Smart Motorways Explained

smart motorways

Smart Motorways Explained

Smart Motorways are currently dividing the opinions of drivers across the country. Are they a good or a bad thing? Are they safe or unsafe? How do I use them? These are just a few of the many questions motorists are asking. This blog aims to help answer those questions for you.

So, what is a smart motorway?

Smart motorways are sections of the motorway that use traffic management methods to increase capacity and reduce congestion in particularly busy areas of the road.

These methods include using the hard shoulder as a running lane, as well as using variable speed limits to control the flow of the traffic.

Smart motorways were developed with the aim of managing traffic in a way that minimises environmental impact, as well as cost and time to construct, by avoiding the need to build additional lanes.

There are 3 different types of smart motorways:

All lane running schemes

All lane running schemes will permanently remove the hard shoulder and convert it into a running lane.

The hard shoulder becomes lane one, and will only be closed in the event of an accident. This lane closure will be signalled by a red ‘X’ on the gantry above. If you see a red ‘X’ over the lane you’re currently using, this means you will need to exist this lane as soon as possible, while continuing to drive sensibly.

All lanes will have a mandatory speed limit, shown on the gantry signs above the lanes. The speed limit will vary depending on traffic levels at the time. If no limit is displayed, this means that the national speed limit is in place. Speed cameras will be used to check that vehicles are adhering to the speed limits on smart motorways.

Some drivers have voiced concerns that sudden changes in the speed limit might cause problems such as vehicles needing to harsh break in order to slow down. Highways England have clarified that there will be a time gap from when the speed limit changes, to when the speed cameras will begin to enforce it, allowing drivers enough time to change their speed at a sensible rate.

CCTV will be used to monitor accidents or breakdowns and emergency refuge areas (ERAs) will be available at the side of the carriageway for those experiencing an emergency or fault with their vehicle.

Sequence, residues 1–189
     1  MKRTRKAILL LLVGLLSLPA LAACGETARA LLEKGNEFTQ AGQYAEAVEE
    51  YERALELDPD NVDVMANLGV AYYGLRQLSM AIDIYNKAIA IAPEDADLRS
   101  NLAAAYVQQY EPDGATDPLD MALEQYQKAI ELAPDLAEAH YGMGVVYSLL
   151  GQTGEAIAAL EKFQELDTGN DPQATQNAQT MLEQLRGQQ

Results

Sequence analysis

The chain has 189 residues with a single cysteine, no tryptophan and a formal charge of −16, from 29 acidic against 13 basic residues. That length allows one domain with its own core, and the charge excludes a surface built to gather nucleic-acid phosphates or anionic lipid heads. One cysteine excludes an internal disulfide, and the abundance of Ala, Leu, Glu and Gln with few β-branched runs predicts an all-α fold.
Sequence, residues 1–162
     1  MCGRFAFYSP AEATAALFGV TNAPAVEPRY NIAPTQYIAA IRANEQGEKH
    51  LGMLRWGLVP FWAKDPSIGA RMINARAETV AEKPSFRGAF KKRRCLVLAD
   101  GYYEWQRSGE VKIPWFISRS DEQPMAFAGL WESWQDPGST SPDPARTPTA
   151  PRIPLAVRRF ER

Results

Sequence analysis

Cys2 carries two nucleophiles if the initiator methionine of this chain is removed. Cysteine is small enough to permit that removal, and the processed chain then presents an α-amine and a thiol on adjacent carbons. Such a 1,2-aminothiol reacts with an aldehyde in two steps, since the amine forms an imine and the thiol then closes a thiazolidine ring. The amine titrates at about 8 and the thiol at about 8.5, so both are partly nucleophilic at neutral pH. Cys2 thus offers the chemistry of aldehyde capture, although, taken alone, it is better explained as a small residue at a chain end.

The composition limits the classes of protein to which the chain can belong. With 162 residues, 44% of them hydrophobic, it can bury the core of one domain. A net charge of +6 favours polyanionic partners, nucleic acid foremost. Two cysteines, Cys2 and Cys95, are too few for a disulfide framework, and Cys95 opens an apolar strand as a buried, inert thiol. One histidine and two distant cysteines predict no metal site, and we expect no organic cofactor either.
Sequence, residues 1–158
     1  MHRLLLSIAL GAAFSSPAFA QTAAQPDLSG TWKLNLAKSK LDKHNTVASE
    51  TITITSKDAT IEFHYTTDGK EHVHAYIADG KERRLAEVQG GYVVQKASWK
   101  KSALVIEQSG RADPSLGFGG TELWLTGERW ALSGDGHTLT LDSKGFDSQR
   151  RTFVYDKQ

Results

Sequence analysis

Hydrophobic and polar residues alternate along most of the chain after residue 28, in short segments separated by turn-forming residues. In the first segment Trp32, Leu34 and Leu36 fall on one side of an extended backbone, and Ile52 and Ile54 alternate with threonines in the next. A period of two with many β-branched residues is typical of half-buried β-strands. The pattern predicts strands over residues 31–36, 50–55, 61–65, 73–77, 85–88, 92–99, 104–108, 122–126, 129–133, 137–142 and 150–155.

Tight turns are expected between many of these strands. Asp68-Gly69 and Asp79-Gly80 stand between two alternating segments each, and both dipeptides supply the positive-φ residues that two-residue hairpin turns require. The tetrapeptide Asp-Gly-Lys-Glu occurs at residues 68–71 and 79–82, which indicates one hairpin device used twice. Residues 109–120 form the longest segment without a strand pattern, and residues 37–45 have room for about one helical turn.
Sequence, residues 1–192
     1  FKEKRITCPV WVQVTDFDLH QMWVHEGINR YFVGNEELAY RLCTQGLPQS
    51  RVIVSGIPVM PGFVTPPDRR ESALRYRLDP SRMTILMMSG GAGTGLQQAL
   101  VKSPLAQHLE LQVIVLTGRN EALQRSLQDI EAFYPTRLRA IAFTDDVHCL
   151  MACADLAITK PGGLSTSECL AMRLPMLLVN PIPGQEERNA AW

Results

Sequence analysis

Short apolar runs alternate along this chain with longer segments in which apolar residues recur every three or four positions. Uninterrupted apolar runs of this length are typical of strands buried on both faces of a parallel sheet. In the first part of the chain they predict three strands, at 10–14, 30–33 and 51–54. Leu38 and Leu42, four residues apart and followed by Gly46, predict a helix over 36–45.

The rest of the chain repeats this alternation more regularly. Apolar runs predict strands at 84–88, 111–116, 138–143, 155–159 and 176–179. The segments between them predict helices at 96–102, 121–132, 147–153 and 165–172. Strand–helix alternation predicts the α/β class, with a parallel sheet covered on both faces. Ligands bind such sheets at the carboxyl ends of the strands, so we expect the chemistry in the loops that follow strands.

Controlled motorways

Controlled motorways consist of 3 or more lanes with variable speed limits, but this type of smart motorways will retain its hard shoulder. The hard shoulder should only be used in a genuine emergency.

Speed limits and lane closures will operate in the same way as all lane running schemes (explained above.)

Dynamic hard shoulder running schemes

Dynamic hard shoulder running schemes will open the hard shoulder as a running lane to traffic at busy periods to ease congestion.

On these stretches, a solid white line differentiates the hard shoulder from the normal carriageway.

Overhead gantry signs will indicate whether the hard shoulder is open to traffic or not.

The hard shoulder must not be used if signs above are blank, or show a red ‘X’, which indicates an accident.

Speed limits will operate in the same way as the other two types of smart motorways (as explained above.)

Are they safe?

Some road users have raised their concerns that smart motorways may be less safe than conventional motorways, due to the lack of the hard shoulder. However, Highways England have published data that has been gathered since the first smart motorway opened in 2006. This data states that journey reliability has improved by 22% and that personal injury accidents have been reduced by more than half. Where accidents did occur, data shows that severity was much lower overall, with zero fatalities and fewer seriously injured.

Things to remember:

  • Never drive in a lane closed by a red ‘X’
  • If you are driving in a closed lane, exit the lane as quickly and safely as possible
  • Keep to the speed limit shown on the gantry sides. If no speed is shown, abide by the national speed limit
  • If the speed limit of your lane changes, adapt your speed quickly but safely
  • A solid white line indicates the hard shoulder – don’t drive in it unless directed¬†
  • A broken white line indicates a normal running lane
  • If your vehicle is experiencing difficulty, exit the smart motorway if possible
  • Use refuge areas in emergencies if the hard shoulder is unavailable
  • Emergency refuge areas are marked with blue signs, featuring an orange SOS telephone symbol


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